A message from CBLDF President Denis Kitchen

Sun, December 28th, 2003 at 12:00am PST

Comic Books
Jonah Weiland, Founder/Former Owner

Official Press Release

When the Comic Book Legal Defense Fund was established in 1986, it

was to support the defense of retailers who found themselves in

trouble for daring to sell a handful of comics aimed at older

readers. Over the years the idea that comics can speak to adults on

their terms has become less radical to the general public, but too

often in the eyes of the law, they're still just for kids. In

each of the last three national election years, the Fund has defended

a case that tries to press that point. As we approach the 2004

election, we need your support so that when the next cases arrive, as

unfortunately we can be certain they will, we can afford to defend

them, to ensure that you can keep reading, or creating, or

publishing, or selling, comics and graphic novels.

There are many signs that the next legal battle is imminent. This

year both Arkansas and Michigan passed new laws attempting to ban the

display and dissemination of "harmful-to-minors" materials.

On the surface these laws are supposed to shield minors from explicit

materials, but they are so ambiguously phrased that they actually

threaten a great deal of the constitutionally protected materials

that support the individuals who earn their living from comics.

This year, the federal government passed PROTECT, a dangerous law

that broadens the definition of child pornography in a fashion that

threatens any work addressing the idea of minors engaged in sexual

conduct, whether an actual minor is involved or not. Even co-sponsor

Patrick Leahy condemned this provision of the law, saying it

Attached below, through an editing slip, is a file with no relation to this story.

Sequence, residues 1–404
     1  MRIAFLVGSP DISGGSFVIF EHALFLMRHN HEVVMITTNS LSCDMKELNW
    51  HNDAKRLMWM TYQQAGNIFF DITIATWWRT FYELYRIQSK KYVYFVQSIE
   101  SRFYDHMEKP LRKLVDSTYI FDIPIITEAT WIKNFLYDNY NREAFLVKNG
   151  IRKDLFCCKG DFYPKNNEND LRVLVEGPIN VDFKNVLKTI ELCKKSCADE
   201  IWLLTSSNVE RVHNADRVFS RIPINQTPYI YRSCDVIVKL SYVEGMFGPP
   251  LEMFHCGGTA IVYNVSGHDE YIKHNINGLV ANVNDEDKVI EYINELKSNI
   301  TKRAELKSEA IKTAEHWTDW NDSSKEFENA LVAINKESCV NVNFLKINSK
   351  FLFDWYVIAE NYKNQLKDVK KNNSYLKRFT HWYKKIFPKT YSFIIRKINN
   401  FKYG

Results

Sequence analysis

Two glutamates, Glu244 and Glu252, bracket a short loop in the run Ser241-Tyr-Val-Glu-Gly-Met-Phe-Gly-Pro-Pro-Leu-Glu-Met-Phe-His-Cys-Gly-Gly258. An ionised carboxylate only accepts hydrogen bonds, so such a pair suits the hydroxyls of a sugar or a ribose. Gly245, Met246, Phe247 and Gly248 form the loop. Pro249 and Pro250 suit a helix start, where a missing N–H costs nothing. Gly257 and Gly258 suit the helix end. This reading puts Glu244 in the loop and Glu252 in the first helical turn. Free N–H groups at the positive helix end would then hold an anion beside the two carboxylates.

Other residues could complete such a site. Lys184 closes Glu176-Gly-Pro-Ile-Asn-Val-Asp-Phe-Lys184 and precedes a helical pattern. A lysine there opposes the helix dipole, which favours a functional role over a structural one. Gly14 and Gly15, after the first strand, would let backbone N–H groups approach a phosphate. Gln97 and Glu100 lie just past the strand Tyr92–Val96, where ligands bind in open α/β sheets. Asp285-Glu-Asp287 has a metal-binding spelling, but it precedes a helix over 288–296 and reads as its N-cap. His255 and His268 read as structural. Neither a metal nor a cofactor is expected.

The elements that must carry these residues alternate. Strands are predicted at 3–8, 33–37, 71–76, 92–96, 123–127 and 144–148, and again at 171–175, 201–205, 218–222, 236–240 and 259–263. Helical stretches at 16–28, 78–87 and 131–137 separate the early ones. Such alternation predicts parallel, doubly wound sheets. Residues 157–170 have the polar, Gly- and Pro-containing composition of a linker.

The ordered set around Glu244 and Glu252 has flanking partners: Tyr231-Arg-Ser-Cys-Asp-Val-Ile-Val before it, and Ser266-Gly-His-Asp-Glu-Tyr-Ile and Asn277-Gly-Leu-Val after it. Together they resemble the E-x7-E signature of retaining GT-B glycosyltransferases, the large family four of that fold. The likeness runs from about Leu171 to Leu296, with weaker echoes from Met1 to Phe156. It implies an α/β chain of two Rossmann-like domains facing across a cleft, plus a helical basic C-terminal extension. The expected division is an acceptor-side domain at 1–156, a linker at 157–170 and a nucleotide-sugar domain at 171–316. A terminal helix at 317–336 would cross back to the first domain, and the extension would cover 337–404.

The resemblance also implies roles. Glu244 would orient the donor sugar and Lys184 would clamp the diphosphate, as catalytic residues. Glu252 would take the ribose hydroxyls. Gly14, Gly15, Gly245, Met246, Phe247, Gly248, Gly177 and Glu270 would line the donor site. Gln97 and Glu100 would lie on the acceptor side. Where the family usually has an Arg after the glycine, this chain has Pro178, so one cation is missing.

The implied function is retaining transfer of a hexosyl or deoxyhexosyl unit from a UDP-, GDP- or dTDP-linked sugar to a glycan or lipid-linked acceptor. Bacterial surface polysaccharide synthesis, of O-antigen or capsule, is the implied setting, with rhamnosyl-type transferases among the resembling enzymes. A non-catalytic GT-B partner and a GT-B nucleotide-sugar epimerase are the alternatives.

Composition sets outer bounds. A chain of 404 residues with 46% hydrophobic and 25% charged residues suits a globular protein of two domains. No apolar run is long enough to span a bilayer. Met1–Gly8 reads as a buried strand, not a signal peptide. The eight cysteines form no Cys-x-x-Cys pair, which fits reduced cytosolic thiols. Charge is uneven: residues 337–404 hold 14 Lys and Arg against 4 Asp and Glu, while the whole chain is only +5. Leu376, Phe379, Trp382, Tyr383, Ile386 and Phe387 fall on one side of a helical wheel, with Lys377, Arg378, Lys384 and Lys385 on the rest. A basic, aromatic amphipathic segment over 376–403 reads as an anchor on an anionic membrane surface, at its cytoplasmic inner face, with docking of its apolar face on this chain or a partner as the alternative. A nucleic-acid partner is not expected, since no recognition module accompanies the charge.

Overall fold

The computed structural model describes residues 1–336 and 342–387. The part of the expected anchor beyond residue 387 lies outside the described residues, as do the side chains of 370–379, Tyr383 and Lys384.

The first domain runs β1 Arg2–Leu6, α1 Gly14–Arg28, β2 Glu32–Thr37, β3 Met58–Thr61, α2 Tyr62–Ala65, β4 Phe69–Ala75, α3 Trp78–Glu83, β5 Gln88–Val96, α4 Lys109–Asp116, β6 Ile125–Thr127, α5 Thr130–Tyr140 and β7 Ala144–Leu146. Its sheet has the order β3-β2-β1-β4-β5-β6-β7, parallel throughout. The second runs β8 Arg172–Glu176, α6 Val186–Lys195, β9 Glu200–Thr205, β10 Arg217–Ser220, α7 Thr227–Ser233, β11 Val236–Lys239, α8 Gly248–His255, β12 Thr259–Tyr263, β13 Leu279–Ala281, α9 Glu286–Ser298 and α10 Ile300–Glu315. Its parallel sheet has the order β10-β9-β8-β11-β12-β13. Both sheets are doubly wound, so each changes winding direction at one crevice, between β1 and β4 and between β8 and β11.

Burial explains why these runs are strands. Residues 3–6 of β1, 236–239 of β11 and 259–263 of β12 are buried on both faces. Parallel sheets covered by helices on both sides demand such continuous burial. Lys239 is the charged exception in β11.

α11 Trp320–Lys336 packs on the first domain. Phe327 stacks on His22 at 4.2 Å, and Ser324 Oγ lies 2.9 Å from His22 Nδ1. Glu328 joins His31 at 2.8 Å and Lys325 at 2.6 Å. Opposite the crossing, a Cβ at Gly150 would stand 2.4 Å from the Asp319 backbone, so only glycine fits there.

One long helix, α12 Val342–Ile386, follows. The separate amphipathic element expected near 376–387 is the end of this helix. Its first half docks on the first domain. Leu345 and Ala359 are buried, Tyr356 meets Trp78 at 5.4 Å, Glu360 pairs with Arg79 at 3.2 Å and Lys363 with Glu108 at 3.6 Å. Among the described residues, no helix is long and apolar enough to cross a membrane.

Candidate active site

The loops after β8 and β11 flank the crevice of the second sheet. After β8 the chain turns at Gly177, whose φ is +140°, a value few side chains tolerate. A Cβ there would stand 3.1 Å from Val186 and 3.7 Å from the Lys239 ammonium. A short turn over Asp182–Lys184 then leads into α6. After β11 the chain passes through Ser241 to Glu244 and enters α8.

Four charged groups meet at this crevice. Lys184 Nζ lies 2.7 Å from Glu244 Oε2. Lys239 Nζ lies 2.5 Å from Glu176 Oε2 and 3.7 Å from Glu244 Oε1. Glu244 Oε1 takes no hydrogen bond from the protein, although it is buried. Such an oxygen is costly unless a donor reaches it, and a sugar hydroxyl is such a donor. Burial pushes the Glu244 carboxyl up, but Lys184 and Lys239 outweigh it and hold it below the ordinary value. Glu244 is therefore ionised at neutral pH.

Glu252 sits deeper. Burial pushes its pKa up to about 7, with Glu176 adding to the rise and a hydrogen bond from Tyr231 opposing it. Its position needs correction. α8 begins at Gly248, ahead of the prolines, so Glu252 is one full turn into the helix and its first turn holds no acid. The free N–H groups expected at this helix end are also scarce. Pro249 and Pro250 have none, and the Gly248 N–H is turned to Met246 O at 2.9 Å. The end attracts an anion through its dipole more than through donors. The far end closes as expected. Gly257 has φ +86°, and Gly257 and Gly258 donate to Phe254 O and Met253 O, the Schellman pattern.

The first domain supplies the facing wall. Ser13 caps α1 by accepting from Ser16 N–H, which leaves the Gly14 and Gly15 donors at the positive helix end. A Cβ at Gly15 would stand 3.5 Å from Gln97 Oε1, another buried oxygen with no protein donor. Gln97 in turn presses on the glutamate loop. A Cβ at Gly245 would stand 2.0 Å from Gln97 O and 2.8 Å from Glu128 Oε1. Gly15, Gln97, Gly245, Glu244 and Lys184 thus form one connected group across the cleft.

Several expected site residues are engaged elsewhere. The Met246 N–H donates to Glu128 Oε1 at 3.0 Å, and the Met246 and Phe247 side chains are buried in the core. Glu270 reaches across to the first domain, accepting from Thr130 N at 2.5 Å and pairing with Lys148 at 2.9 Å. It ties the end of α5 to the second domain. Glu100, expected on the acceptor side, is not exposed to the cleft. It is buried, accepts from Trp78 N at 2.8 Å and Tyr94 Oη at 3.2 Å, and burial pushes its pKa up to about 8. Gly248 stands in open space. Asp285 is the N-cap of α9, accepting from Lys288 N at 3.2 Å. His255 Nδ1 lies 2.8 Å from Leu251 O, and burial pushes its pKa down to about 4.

"goes too far." This law and the PATRIOT Act include

provisions allowing for increased surveillance of individuals and

businesses that can be carried out under a cloak of secrecy, so who

can say what's happening that we aren't seeing?

The CBLDF is actively following and fighting these laws. As full

members of Media Coalition, a national association of free speech

advocacy groups, we have participated in nearly a dozen amicus briefs

challenging laws like Arkansas Act 858, the Child Online Protection

Act, South Carolina's Harmful to Minors Internet Law, even

provisions of the PATRIOT Act. We've also lent our name to cases

whose precedents would affect the freedom of creators to take

advantage of their First Amendment right to free expression, such as

Winters v. DC Comics, New Times v. Isaacks, and Tyne v. Time Warner.

We're keeping you informed about these fights and the new laws on

the horizon in Busted!, which has become one of the country's leading

magazines covering the national First Amendment climate.

This is necessary work and we need your support so we can continue to

do it. By making a tax-deductible donation to the CBLDF you will

allow us to build up our war chest so we can wage a first-class legal

defense the next time a member of the comics community is caught in a

legal crossfire. You will help us to take action to stop bad laws

before they start and prevent bad precedents from infecting the law.

Please contribute to the Comic Book Legal Defense Fund today. If you

haven't yet renewed your membership, now is the time to do so.

If you're not a member but earn a living from comics, then you

have no excuse for not joining now. If you have already paid this

year's dues, we thank you and we ask you to please use this

opportunity to increase your support.

Please visit www.cbldf.org and make your tax-deductible contribution



Denis Kitchen,


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